Going through a separation is never going to be a walk in the park, but sadly, with everyone in the process of trying to sort everything out while keeping the kids as sheltered as possible during this time, we often forgo out own mental health in the progress.
The thing is, if we are not taking care of ourselves, how can we possibly expect to be our best for the other people who rely on us? I like to use the plane analogy of “always fit your mask first before helping others”. In the instance of using oxygen when needed in an aeroplane, it is common sense, as if you pass out you can’t help anyone else. But this logic makes sense in a lot of other aspects of our lives too.
So while I am not saying that my suggestions below are going to make all of your problems go away, they can help reduce the stress and anxiety and hopefully help get your mental health back on track after separation.
Here are a few simple suggestions that may help if you’re feeling a bit more stressed or anxious than usual.
Try some Meditation.
Being a meditation and mindfulness instructor, of course I’m going to recommend this and if you haven’t tried meditation before, now’s the time. Why? Because it’s something that you can do by yourself anywhere and anytime and all you need is 10-20 minutes to get the benefits.
I originally became interested in meditation as a means to improve my productivity at work and I found it to be very beneficial. However it wasn’t until I went through a 10-year relationship break up, two family members were diagnosed with cancer and there were some financial issues with one of my investments, all in the period of 3- months that I started to really need it and be grateful that I had the practise in my life.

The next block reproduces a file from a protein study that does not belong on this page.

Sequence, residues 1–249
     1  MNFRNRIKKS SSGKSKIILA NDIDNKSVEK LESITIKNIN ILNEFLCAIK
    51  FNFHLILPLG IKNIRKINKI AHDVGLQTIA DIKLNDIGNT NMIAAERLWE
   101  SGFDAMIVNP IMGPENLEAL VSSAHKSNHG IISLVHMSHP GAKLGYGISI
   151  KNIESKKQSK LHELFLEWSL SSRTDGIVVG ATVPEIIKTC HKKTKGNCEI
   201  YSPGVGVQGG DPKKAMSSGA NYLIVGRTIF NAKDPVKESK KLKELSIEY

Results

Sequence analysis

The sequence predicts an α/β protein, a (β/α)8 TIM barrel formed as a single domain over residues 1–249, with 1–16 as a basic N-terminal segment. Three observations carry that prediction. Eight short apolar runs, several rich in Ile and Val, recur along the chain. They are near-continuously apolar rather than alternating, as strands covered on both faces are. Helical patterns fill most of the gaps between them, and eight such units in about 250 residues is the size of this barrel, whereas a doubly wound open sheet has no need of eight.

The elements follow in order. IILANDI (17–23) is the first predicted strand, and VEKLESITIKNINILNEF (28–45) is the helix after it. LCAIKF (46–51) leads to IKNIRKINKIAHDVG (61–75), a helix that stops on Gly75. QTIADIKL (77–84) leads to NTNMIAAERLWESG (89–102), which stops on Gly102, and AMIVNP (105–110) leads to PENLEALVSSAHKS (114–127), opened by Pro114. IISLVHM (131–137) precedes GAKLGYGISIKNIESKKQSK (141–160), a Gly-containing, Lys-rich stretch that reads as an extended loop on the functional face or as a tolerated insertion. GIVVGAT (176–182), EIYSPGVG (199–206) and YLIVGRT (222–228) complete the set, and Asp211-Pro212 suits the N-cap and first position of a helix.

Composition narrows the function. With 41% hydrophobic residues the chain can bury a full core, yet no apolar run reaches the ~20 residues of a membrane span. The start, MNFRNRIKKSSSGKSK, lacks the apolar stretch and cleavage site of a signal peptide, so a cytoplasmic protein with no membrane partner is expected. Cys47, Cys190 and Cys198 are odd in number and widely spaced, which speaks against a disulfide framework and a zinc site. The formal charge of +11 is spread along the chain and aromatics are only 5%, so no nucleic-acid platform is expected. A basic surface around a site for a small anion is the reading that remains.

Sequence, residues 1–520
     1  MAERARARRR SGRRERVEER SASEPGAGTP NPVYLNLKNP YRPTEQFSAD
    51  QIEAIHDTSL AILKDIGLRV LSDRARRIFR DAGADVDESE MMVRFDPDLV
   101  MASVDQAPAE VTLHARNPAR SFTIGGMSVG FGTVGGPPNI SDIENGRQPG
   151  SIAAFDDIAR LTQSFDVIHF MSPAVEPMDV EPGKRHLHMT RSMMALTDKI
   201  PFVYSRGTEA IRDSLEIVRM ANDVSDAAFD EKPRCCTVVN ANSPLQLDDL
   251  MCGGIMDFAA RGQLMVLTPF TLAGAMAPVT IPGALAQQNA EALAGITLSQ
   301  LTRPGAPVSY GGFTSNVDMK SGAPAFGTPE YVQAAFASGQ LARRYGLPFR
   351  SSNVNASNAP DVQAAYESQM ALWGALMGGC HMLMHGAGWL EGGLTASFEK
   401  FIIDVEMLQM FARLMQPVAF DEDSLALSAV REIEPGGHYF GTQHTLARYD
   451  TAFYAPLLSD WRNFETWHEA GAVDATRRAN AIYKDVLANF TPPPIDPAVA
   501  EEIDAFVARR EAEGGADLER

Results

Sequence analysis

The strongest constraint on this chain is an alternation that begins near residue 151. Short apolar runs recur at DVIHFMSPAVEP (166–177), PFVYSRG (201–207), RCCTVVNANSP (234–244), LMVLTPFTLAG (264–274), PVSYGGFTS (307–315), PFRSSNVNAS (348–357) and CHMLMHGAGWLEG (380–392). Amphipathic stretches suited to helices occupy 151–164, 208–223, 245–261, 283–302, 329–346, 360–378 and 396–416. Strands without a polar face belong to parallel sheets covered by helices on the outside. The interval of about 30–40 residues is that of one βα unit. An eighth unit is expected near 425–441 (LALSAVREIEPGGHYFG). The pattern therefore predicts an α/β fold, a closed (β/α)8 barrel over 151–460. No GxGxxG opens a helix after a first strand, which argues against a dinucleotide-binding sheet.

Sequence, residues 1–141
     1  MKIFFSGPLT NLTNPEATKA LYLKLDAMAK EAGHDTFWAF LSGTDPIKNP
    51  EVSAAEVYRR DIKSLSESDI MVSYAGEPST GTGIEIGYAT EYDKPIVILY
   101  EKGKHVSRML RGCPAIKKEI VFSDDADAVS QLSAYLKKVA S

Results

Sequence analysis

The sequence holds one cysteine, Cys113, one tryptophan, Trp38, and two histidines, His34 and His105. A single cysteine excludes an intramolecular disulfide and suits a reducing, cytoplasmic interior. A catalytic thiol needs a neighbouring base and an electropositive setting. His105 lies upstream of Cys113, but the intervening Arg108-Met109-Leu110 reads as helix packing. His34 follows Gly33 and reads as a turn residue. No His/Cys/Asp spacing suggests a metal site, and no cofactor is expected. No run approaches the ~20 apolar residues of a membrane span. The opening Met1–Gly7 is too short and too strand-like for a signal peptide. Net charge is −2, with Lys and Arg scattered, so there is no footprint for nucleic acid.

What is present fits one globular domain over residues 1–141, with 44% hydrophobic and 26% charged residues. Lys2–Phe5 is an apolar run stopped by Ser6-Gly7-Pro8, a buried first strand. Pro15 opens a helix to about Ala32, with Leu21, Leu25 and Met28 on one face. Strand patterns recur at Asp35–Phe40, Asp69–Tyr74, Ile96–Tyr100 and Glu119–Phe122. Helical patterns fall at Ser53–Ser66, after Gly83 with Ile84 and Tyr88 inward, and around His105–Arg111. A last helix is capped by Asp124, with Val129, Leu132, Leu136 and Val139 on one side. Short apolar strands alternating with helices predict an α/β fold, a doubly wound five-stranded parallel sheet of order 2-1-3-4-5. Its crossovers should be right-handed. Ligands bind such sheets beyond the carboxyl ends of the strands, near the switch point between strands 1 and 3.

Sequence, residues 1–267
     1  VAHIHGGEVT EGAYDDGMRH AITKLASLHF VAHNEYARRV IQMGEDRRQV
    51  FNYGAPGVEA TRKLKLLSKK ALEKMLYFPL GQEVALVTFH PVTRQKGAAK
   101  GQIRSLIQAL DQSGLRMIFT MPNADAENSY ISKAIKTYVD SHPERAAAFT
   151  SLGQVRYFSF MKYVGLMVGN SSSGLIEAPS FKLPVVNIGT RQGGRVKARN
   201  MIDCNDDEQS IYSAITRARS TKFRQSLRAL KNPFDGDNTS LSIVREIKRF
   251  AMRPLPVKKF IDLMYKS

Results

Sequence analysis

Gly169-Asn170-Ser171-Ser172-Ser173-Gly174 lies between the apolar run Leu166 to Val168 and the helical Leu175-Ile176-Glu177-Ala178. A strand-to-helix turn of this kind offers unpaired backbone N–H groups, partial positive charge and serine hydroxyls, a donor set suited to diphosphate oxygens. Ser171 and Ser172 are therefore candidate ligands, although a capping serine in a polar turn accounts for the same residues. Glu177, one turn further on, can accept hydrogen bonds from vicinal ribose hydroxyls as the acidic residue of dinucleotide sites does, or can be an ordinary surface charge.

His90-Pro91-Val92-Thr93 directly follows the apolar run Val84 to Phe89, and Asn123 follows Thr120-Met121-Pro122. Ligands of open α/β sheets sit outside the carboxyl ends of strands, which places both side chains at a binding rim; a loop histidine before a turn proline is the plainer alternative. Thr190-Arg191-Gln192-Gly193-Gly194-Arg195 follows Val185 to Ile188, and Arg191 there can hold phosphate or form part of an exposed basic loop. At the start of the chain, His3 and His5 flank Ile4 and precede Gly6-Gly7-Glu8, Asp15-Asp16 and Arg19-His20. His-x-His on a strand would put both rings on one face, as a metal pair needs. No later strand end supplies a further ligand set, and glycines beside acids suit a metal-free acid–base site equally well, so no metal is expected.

Recent research published this year has found that mindfulness exercises, such as meditation may reduce anxiety, depression and stress making it a gold mine for your mental health. Given the year that has passed, incidences of mental health problems have doubled, meditation may be just want we need to get ourselves back on track again.
Spend time in nature.
Being in nature is so good for your mental health. There are even terms for it now such as forest bathing if you are out amongst the trees. Also, being by running water produces negative ions with believe it or not, make you happy!
Try to get outside, or better still in nature as much as you can. Even if you only have time to go for a walk near where you live.
When I am stressed I often challenge myself to find 5 things I haven’t noticed before. I find that it is a great exercise to help you appreciate the world around you.
There’s still so much to be grateful for.
While you may not feel like it, practicing gratitude in times like this can really be helpful because it pulls the brain out of worry & anxiety and forces it to think of something that is good and present, right here, right now. Think about the people who are supportive around you, the fact that we now have the ability to be informed almost in real-time of how we deal with serious issues like the one we are facing right now. These are all blessings and reminding yourself of them right now will help.
Find Time to do the things you love
Why is it that when we are stressed, busy or something goes wrong, it’s always the things that make us happy that we stop doing? Make sure you make time to do at least one thing you enjoy. If it can’t happen everyday, aim for every week. When we are going through a hard time, it is always good to have something to look forward to. Whether it is exercise, which is something I recommend everyone do as much as possible, dancing, seeing your friends, watching your favourite show, make it happen. Everyone is going to have challenges in their life, but remember life is for living and try your best to get your head back up as soon as you can.
Luke McLeod is a meditation and mindfulness instructor and the founder of Soul Alive.